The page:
Social purpose: who is doing it well?

by Lulu Trask – Aug 21, 2020

Research by Accenture shows that 66% of consumers in the UK crave greater transparency from companies on their stance on important issues; 37% have stopped doing business with a brand because of its words or actions on a social issue and 31% are attracted to brands that take a stand on political issues they care about. In other words, social purpose is driving customer engagement.

Earlier this month Ben & Jerry’s became embroiled in a very public Twitter row with the UK Government over its handling of the migrant crisis. But you don’t have to take a government to task to prove your company has social purpose. In 2020, a year of societal and environmental unrest, more companies are taking the time to identify and speak out on their core beliefs. Here are the companies we think are nailing it.


Social purpose isn’t new for this brewery, whose UK sites are already being powered by wind, something BrewDog celebrated with the release of its Hello My Name Is Gale beer (in a green can, of course). But its most recent campaign took a slightly different turn. During a live stream, Ricky Gervais (unprompted and unpaid) said he liked BrewDog, and then went on to suggest the fees for celebrity endorsements should be sent to charities instead. To thank Gervais, an active animal welfare campaigner, BrewDog made donations to a selection of animal charities. The brewer has since teamed up with the comedian and two charities, Dogs on the Streets and All Dogs Matter, to launch Street Dog, a rebrand of its most popular beer, which places photos of dogs up for adoption on its cans, giving 100% of profits to the two charities.

Who Gives A Crap

This toilet paper company believes “access to a safe, dignified loo is a basic human right”, yet 40% of the world’s population lacks access to a toilet, which means every two minutes a child under five dies as a result of poor sanitation. So Who Gives A Crap donates 50% of its profits to help build toilets in deprived areas, and has donated more than £4.5 million to date. The company uses its branding to make its customers feel good for doing good too – its 100% recyclable and plastic-free packaging is brilliantly designed to look good in your bathroom, and as a customer you’ll get a special message on your box of toilet paper telling you that “you’ve got a nice bum”. Why, thank you.


After befriending children in an Argentinian village only to find they didn’t have shoes to protect their feet, Blake Mycoskie set up TOMS, a shoemaker that matches every pair of shoes purchased with a pair of new shoes given to a child in need. So far, more than 86 million pairs have been donated to children in more than 70 countries. Building on this success, Mycoskie launched TOMS Eyewear – the same ethos, this time helping give sight to a person in need. The company now runs two annual awareness days – One Day Without Shoes and World Sight Day – to raise awareness of the global issues of poverty and avoidable visual impairment.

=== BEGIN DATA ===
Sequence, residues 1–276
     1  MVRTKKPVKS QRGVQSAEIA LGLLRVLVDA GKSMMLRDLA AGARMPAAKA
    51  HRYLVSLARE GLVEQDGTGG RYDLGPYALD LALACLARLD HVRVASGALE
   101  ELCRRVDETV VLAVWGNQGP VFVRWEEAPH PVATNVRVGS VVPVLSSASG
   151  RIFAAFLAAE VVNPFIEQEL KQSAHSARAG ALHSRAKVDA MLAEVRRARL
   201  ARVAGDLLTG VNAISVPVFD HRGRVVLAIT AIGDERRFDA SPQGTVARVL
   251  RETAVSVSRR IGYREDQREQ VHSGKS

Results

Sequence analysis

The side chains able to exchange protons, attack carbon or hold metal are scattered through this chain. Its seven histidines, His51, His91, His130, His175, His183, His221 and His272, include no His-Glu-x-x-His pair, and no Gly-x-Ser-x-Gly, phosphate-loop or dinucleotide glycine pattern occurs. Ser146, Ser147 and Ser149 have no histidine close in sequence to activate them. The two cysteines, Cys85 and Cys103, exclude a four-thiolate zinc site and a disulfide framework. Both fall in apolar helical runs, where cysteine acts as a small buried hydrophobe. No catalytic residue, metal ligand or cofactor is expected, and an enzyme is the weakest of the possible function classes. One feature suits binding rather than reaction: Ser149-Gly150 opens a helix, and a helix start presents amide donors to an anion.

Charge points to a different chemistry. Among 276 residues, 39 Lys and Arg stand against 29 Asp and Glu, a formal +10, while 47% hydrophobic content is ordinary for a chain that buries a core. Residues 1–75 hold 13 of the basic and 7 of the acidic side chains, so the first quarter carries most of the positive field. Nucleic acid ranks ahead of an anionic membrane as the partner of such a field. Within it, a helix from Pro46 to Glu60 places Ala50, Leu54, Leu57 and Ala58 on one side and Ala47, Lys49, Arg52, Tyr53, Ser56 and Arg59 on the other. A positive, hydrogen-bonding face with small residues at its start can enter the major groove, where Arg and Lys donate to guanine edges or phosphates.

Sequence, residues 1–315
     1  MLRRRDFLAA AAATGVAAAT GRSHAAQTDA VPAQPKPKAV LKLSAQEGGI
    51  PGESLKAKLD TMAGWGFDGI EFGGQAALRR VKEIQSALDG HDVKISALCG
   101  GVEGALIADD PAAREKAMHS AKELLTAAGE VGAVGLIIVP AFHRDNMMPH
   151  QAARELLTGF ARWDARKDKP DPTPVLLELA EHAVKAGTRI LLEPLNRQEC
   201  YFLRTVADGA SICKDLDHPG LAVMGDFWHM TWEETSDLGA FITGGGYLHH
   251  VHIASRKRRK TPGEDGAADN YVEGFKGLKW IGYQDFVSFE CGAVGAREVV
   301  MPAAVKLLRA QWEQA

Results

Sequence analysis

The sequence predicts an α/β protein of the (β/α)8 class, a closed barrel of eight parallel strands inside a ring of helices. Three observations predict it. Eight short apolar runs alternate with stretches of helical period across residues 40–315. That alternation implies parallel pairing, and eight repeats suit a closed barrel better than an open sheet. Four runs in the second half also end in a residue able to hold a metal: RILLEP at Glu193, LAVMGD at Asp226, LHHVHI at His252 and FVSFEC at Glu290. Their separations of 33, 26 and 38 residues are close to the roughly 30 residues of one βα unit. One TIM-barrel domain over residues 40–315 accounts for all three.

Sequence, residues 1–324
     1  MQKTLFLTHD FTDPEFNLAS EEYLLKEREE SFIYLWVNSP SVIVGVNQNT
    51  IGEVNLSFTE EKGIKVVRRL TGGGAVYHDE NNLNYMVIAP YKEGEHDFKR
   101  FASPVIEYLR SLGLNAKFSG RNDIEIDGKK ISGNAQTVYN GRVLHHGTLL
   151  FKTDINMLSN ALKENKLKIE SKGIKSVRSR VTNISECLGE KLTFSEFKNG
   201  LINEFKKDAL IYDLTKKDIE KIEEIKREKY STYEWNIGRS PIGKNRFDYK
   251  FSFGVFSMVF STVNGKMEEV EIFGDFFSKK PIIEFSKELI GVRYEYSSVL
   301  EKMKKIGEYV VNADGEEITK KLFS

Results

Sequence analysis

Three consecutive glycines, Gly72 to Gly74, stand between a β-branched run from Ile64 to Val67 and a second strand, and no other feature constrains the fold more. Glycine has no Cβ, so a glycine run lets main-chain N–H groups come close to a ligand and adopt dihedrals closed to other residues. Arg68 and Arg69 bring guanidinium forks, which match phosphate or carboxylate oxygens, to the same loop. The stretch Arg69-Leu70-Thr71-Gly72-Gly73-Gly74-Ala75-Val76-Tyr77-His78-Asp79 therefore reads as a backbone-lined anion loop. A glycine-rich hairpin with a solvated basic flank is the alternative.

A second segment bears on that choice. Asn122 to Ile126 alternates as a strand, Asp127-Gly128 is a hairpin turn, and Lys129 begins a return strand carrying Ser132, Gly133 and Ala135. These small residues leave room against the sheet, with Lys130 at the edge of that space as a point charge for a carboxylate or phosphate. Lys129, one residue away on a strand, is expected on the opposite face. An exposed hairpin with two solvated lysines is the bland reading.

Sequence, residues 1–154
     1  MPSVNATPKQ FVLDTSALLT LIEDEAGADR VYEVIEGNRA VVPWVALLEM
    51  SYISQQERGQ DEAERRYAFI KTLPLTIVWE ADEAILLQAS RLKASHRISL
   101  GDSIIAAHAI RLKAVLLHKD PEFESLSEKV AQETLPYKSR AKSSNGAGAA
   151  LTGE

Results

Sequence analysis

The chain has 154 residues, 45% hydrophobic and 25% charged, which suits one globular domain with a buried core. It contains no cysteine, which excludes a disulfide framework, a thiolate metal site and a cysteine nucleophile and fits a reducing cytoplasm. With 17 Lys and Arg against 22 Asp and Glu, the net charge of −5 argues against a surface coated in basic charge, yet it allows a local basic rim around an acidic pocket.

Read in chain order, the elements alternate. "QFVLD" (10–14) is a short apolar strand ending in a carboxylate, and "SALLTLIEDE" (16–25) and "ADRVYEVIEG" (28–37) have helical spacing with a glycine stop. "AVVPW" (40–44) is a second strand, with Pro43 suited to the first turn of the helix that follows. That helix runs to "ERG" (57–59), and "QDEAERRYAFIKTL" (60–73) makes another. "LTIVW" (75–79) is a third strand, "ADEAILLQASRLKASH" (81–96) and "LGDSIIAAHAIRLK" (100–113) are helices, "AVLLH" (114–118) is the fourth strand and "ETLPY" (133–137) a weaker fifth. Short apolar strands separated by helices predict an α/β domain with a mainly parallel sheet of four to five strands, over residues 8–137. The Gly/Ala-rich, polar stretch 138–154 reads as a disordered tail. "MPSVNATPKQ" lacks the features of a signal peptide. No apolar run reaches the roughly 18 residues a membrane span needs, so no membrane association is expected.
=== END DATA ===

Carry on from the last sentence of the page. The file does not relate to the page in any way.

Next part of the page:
This clothing brand is known for its environmental policies, largely using organic and recycled materials, and offers repair, recycling and re-sale services for all of its products, to help reduce the impact of fast fashion. In 2011 Patagonia put out a risky – and highly successful – Black Friday campaign, launching its Common Threads Initiative pledge, which helps to reduce the impact of fashion on the planet. The company said “customers need to think twice before they buy”, so their advert featured a photo of one of its jackets accompanied by the wording ‘Don’t buy this jacket’.

Hey Girls UK

It’s not just big brands that can have an impact. Hey Girls UK is a family-run company that sells environmentally friendly menstrual products while tackling UK period poverty. For every box purchased, it donates a box of products to a young woman in need, and so far has donated more than 10.3 million boxes. The company hit headlines when it printed a cut-out DIY sanitary towel in a newspaper, to highlight the grim reality of the lack of options available to young girls who can’t afford sanitary items.

One of the (many) reasons these brands have been so successful in communicating their social purpose is that they’ve carefully thought about their core values – they haven’t just picked one that complements the flavour of the week. For some these values have been built into the business model from day one, while others have identified a cause along the way.

At Wardour, we think it’s incredibly exciting that social purpose is becoming part of a business’ brand. For example, we’ve worked with Legal & General – just one of many purposeful clients whose work we love at the moment – to create a content hub focused on their ethos of inclusive capitalism and the ways investment in long-term assets, like clean energy, later-life living, city regeneration and innovation hubs, can help to build a better future.

Working with clients to help them identify and communicate their purpose is something very special. It keeps us grounded and reminds us that we all, as individuals and as businesses, have a part to play in creating a better tomorrow.

We’d love to learn about your social purpose – and if you’re not sure what it is, we can help you there too.

Published Aug 21, 2020

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